On the Scout support mailing list, a prospective customer asked to receive an invoice instead of the typical credit card payment. I have some unique experience with that, so I posted the comment below as food for thought (see thread).</p>

This is “Why Web apps suck at invoices” and “Why invoices suck for Web apps,” all rolled into one. Next time someone requests an invoice, send them here.

Subject: invoice billing (was: Re: Fees for Rails Apps..)

I’m not affiliated with Scout except as a customer, but I run an unrelated subscription Web service that sells to businesses and I’m occasionally asked the same question. It sounds like a really simple request, so I can understand the frustration at not being able to accommodate it.

I wanted to add some color about how challenging it is to provide invoices. I’m speaking only about my experience, not Scout’s. Here’s why this is often a much bigger pain than it looks like, and is often actually a disadvantage to both parties:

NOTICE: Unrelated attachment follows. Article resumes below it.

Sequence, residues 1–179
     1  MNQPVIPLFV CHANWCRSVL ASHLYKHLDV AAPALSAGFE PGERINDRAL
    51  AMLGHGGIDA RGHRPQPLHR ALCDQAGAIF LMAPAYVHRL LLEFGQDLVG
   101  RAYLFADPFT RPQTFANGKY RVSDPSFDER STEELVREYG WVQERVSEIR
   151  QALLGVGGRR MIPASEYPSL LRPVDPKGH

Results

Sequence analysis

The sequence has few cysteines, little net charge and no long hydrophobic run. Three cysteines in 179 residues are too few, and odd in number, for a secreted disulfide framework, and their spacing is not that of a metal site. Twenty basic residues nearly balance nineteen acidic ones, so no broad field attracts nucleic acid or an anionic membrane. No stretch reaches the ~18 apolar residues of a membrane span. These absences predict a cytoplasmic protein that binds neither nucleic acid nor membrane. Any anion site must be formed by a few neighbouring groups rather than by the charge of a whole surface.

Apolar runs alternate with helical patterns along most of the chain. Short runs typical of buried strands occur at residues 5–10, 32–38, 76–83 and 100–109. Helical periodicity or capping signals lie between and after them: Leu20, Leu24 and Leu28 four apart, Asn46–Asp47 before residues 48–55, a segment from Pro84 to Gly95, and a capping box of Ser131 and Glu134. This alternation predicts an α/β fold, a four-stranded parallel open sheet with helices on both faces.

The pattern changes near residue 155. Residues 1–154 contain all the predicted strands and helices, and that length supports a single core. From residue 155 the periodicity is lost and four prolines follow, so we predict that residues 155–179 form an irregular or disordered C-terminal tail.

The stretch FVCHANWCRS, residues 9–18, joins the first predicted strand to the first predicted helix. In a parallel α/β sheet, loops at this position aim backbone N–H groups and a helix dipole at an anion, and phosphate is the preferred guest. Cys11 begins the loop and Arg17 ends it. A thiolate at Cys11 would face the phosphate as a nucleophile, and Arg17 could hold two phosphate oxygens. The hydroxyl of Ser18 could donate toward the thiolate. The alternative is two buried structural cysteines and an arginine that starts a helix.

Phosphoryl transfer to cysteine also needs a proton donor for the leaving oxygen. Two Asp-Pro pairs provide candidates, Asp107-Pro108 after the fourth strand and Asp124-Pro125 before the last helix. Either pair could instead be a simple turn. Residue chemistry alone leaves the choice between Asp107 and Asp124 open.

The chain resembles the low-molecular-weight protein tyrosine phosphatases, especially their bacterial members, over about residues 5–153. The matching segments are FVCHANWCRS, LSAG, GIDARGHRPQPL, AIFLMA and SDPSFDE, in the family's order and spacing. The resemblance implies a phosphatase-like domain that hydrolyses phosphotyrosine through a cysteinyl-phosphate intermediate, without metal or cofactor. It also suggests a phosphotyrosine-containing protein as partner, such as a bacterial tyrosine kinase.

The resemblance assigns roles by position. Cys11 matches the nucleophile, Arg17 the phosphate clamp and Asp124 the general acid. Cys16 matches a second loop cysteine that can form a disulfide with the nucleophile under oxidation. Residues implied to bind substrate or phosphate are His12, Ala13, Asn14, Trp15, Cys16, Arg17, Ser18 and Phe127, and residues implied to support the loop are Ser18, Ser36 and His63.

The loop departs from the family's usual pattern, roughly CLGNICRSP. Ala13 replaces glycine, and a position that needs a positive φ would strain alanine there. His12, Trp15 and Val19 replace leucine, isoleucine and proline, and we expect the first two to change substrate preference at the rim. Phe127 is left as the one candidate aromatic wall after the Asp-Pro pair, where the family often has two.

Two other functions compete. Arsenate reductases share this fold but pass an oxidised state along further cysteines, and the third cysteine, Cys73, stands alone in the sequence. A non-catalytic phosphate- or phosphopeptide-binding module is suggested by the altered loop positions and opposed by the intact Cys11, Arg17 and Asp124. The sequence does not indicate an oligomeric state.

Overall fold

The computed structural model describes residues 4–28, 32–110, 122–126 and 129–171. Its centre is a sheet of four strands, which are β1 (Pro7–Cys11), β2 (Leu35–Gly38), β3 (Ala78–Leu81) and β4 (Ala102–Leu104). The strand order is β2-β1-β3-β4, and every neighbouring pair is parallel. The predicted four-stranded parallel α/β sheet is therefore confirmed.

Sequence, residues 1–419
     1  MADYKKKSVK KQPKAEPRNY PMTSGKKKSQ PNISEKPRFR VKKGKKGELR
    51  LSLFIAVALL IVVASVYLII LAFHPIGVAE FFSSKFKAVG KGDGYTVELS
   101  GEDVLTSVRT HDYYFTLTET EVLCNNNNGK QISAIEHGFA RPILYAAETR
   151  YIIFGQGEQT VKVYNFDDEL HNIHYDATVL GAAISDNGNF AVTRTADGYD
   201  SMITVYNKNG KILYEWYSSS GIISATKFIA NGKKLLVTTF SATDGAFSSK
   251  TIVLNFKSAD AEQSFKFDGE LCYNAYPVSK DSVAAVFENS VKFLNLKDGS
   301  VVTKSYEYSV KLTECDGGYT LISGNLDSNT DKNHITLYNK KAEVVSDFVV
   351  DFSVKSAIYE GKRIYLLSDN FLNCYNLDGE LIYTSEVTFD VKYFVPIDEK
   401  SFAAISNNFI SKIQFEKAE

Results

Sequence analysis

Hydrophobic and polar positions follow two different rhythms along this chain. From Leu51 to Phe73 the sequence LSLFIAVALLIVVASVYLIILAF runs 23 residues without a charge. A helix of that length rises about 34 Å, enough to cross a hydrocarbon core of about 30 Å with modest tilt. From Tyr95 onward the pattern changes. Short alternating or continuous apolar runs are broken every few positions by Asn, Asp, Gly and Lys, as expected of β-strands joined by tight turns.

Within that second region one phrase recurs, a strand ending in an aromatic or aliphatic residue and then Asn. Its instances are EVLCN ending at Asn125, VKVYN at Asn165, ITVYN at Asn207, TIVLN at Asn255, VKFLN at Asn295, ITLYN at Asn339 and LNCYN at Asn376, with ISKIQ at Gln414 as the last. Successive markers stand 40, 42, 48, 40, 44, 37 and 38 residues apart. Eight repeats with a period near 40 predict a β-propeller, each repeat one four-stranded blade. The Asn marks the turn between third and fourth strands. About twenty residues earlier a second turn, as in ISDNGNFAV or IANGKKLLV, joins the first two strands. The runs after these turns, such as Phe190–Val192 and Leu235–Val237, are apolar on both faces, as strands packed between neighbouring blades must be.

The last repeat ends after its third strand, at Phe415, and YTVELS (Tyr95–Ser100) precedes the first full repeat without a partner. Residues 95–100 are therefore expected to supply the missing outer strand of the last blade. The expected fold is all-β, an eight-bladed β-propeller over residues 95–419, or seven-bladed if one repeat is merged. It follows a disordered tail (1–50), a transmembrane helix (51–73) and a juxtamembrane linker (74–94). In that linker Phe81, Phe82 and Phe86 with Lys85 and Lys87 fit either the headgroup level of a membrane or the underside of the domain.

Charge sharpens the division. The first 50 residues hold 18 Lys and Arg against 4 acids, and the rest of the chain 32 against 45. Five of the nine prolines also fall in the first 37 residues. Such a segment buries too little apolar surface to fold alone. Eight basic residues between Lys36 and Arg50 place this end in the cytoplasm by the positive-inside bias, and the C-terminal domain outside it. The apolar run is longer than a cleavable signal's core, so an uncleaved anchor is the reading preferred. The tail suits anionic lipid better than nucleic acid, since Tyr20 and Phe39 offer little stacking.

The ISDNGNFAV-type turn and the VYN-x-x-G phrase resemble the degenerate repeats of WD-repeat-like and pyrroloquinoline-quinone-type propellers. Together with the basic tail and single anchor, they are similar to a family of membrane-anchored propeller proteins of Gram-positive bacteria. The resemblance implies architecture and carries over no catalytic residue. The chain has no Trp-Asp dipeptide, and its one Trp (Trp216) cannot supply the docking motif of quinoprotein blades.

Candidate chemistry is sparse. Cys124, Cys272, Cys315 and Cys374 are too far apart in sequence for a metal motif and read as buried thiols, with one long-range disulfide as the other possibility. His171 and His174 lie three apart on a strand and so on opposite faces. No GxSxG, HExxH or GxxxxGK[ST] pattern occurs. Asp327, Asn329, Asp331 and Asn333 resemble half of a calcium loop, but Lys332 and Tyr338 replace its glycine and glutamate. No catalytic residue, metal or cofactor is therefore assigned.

None of this is rocket science, it just takes time, and that’s why invoices suck for typical business subscription services. I consider it a positive that Scout is savvy enough to focus on what they’re good at.

Finally, a potential solution: get a company card that’s only used for recurring purchases like this. You’re freed from monthly employee expense reports and accounting gains authoritative information about the transaction, since it’s essentially their card.